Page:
Gestational diabetes is a type of diabetes that develops due to insufficient insulin production during pregnancy. They usually resolve after childbirth, but this can be prevented through regular exercise and proper diet [R] [R].
There are a lot of metabolic changes in a woman’s body during pregnancy. This can cause a temporary increase in blood sugar levels and cause gestational diabetes when normal levels are exceeded. Women who are at risk are those who are exceedingly overweight, have a family history of diabetes, and a personal history of gestational diabetes [R] [R].
When can dietary changes help prevent gestational diabetes?
In general, a balanced diet is recommended for pregnant women to help make sure the baby gets all the nutrients it needs to grow and develop. This entails eating a variety of foods rather than just one kind of food [R].
So far, current research studies show that only overweight or obese women can benefit from dietary changes to prevent gestational diabetes, and this can be done through the help of a dietitian or nutritional therapist. Their diet is regulated to decrease blood sugar levels and avoid too much weight gain during pregnancy. Generally, dietary changes don’t do much for women with normal weight in the prevention of gestational diabetes [R].
According to research, there is a decrease in gestational diabetes cases in overweight or obese women when they change their diet compared to when they don’t. The statistics show a decrease from 16 out of 100 women to 6 out of 100 women [R].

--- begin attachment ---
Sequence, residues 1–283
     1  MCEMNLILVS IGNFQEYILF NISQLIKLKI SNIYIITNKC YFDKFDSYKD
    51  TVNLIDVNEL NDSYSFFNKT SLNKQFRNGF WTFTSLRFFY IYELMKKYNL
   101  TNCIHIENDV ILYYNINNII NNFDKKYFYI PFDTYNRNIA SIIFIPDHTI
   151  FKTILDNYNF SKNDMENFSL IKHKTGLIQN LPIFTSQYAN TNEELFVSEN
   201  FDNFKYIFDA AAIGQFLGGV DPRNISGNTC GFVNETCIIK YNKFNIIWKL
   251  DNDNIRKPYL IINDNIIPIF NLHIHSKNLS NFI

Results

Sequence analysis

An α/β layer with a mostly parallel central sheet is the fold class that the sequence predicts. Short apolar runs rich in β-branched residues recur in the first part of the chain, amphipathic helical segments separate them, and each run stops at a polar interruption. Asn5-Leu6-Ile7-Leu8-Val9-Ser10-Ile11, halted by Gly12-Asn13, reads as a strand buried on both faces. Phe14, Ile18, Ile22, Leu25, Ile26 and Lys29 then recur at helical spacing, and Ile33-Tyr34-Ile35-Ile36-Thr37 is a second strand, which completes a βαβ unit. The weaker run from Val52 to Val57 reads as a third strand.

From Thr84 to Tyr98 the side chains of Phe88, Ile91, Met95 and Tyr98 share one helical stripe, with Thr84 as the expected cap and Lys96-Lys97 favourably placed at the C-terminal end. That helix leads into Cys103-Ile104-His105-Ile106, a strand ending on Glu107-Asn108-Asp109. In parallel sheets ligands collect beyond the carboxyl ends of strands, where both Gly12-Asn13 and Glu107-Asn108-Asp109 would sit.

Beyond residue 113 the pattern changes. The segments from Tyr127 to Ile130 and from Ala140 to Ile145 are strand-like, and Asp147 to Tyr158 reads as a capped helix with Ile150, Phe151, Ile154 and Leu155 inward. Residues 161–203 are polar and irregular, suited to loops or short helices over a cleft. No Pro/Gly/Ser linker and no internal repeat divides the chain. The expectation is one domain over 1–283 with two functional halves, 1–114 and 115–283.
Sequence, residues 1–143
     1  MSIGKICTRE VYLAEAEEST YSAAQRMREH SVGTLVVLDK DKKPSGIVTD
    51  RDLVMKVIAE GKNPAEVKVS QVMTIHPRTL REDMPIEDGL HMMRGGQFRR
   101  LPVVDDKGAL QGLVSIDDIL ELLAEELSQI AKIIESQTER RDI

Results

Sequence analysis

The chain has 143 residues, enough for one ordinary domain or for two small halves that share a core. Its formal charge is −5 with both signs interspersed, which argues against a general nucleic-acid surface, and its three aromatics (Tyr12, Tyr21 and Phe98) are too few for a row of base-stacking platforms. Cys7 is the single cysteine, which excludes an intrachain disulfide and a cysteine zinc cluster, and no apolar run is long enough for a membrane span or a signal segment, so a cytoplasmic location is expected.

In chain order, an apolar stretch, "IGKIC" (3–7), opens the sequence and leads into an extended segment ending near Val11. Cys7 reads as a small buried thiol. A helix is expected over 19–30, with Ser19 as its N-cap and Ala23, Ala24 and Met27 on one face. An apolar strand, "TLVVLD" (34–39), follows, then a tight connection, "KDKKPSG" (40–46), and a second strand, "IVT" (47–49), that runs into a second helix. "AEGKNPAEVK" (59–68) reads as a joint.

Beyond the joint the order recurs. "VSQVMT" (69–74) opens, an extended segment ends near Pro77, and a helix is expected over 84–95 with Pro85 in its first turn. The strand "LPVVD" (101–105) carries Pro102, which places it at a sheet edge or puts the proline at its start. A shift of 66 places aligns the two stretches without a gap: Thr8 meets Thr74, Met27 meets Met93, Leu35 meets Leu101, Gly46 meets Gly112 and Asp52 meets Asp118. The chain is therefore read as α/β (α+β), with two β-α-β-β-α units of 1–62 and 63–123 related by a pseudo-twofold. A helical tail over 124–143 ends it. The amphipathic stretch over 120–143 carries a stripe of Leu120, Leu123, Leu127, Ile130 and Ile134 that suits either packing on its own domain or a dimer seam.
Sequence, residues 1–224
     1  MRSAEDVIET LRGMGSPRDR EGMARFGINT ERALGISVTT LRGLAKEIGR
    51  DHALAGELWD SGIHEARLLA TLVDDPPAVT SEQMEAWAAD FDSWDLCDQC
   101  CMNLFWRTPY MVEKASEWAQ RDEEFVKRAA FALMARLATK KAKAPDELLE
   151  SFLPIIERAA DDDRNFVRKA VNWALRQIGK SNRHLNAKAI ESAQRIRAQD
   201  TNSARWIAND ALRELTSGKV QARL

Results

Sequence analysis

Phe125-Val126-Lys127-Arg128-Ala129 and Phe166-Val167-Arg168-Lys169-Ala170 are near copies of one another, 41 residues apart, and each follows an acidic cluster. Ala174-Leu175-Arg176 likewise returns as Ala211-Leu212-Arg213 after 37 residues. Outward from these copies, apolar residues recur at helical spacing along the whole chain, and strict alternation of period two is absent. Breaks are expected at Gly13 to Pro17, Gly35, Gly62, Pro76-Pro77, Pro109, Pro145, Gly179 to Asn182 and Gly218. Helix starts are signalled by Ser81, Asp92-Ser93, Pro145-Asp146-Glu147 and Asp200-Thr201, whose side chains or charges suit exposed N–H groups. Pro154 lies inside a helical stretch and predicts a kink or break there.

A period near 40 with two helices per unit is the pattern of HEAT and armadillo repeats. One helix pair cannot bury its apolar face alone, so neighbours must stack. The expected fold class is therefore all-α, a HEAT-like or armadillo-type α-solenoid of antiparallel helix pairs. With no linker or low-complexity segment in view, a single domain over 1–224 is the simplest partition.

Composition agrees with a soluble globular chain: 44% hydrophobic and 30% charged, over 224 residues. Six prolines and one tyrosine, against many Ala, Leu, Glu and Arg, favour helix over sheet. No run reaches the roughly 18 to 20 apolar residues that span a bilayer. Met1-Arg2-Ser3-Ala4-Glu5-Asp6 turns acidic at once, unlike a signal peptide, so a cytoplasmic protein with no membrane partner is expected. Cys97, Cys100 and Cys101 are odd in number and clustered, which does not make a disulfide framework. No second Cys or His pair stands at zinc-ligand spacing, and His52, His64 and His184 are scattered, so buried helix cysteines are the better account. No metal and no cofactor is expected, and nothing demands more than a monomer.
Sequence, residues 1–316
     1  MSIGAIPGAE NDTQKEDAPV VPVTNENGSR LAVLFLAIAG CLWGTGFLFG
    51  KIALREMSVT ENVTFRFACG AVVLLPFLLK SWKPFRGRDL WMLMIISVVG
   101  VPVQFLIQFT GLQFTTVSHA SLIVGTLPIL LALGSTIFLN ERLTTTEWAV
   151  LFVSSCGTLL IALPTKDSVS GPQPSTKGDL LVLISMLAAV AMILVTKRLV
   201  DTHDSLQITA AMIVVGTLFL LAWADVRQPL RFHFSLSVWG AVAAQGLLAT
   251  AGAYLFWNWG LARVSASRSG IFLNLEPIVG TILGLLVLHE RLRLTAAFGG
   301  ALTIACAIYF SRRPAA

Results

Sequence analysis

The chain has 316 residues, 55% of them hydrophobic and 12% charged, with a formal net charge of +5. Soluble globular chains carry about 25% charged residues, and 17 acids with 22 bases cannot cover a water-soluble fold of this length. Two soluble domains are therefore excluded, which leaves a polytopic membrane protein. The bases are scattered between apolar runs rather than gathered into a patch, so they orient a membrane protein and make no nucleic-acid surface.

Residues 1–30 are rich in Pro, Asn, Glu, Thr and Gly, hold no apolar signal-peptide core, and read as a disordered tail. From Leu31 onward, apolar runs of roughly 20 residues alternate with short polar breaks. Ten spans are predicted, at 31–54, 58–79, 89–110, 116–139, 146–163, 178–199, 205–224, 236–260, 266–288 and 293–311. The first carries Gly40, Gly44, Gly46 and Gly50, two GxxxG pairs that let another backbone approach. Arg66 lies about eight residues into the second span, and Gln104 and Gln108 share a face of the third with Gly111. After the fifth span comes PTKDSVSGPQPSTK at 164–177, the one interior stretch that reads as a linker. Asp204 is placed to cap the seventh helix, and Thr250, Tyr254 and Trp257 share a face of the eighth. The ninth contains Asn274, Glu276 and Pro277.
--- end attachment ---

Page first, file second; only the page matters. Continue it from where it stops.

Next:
However, these research studies don’t show whether changing their diet also had any effects on the baby’s birth weight, reduce the risk of childbirth complications, or help lower C-section cases.
What dietary changes can be made to prevent gestational diabetes?
In general, pregnant women are not advised to go on a low-calorie diet because getting enough calories and nutrients is important for fetal growth and development. Since there are a few factors to look into when making exact dietary changes, such as weight and the amount of exercise a woman gets, it’s always advisable to always consult a nutritional therapist [R].
However, common advice would include avoiding excessive carbohydrates intake because it can cause weight gain and increased blood sugar levels. Fiber, along with a balanced diet, is generally recommended. Additionally, you could eat three normal-sized main meals in a day, along with two or three small meals in between [R].
Can dietary supplements help?
Although there isn’t sufficient research data to back it up, dietary supplements, such as omega3 fatty acids in the form of fish oil, probiotics, and myo-inositol, can prevent gestational diabetes. However, when omega-3 fatty acids were tested, there was no report of a preventive effect found [R].
Can getting more exercise help? According to a number of research studies, women who exercised regularly at the start of pregnancy have a lesser chance of developing gestational diabetes [R]
According to statistical data, 5 out of 100 women who didn’t move a lot during their pregnancy developed gestational diabetes as opposed to 3 out of 100 in women who had regular exercise [R].
Engaging in sports and getting regular exercise also helped lower C-section cases. It was found that 22 out of 100 non-exercising women had a C-section as opposed to the 18 out of 100 in women who had regular exercise [R].
Although it remains unclear if and how physical activity lowers the risk of childbirth complications, one thing we know is that exercising regularly doesn’t put you at risk of premature or pre-term birth [R].
In fact, doing at least 30 minutes of physical activity three to four days a week is found to reduce blood sugar levels. Common exercises include swimming, brisk walking, cycling, or yoga. However, some sports are considered too risky, such as skiing, football, and martial arts. Additionally, women who have a cervical or uterine problem that puts them at risk for premature birth are advised to avoid sports completely. To know what types of exercises you can do, it’s always best to consult with your OB-GYN beforehand [R].